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Course Info

  • Course Number / Code:
  • 3.052 (Spring 2007) 
  • Course Title:
  • Nanomechanics of Materials and Biomaterials 
  • Course Level:
  • Undergraduate 
  • Offered by :
  • Massachusetts Institute of Technology (MIT)
    Massachusetts, United States  
  • Department:
  • Materials Science and Engineering 
  • Course Instructor(s):
  • Prof. Christine Ortiz 
  • Course Introduction:

  • 3.052 Nanomechanics of Materials and Biomaterials

    Spring 2007

    Course Highlights

    3.052 Nanomechanics of Materials and Biomaterials

    Spring 2007

    Graphic showing wide variation in modulus on a nanostructure level.
    This 3D illustration of a modulus map of bone was produced using atomic force microscope (AFM) data on the nanomechanical spatial heterogeneity of bone stiffness. Simulations using this data predict markedly different biomechanical properties compared with a uniform material, which may serve as a design consideration for biologically inspired materials technologies. See Tai, K., M. Dao, S. Suresh, A. Palazoglu, and C. Ortiz. "Nanoscale Heterogeneity Promotes Energy Dissipation in Bone." Nature Materials 6 (June 2007): 454-462. (Image by Prof. Christine Ortiz.)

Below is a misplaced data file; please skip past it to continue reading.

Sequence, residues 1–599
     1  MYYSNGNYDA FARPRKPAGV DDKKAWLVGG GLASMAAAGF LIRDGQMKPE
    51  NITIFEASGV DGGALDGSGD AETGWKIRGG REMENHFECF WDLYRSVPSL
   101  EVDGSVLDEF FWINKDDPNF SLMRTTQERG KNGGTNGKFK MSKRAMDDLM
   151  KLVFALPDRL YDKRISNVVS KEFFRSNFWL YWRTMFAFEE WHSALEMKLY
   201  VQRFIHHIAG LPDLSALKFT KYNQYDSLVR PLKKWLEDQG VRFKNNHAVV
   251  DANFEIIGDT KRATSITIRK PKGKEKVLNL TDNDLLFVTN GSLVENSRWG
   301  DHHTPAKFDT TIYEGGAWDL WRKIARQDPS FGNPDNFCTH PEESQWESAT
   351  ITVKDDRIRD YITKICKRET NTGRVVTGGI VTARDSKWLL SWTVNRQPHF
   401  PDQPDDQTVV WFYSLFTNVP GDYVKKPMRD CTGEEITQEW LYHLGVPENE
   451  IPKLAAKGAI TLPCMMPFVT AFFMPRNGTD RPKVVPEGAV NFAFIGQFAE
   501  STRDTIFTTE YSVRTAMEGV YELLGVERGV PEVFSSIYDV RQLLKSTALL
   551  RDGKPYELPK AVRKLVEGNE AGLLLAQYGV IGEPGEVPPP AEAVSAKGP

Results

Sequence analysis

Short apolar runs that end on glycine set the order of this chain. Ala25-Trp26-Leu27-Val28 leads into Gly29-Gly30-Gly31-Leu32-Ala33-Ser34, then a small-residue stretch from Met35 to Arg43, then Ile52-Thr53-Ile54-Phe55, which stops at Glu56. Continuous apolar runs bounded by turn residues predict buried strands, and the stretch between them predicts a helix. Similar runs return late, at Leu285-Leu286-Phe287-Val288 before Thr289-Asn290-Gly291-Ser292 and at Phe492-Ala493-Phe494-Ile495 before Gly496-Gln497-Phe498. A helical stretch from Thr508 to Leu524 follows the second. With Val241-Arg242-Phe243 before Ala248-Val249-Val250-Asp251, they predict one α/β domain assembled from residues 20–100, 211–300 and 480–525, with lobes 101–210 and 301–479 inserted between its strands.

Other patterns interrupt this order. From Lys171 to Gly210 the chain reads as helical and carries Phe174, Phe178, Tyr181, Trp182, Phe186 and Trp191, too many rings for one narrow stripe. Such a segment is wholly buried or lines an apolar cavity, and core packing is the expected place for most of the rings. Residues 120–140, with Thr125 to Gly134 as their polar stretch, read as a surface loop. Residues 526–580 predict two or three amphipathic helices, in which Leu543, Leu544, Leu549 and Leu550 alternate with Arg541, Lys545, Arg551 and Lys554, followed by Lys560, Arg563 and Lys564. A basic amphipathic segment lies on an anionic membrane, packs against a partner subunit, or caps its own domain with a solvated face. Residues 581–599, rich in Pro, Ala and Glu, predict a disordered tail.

Course Description

    This course focuses on the latest scientific developments and discoveries in the field of nanomechanics, the study of forces and motion on extremely tiny (10-9 m) areas of synthetic and biological materials and structures. At this level, mechanical properties are intimately related to chemistry, physics, and quantum mechanics. Most lectures will consist of a theoretical component that will then be compared to recent experimental data (case studies) in the literature. The course begins with a series of introductory lectures that describes the normal and lateral forces acting at the atomic scale. The following discussions include experimental techniques in high resolution force spectroscopy, atomistic aspects of adhesion, nanoindentation, molecular details of fracture, chemical force microscopy, elasticity of single macromolecular chains, intermolecular interactions in polymers, dynamic force spectroscopy, biomolecular bond strength measurements, and molecular motors.

    Special Features

    Technical Requirements

    Special software is required to use some of the files in this course: .xls, .stp, .exe, .mpeg, .avi, .mov, and .rm.


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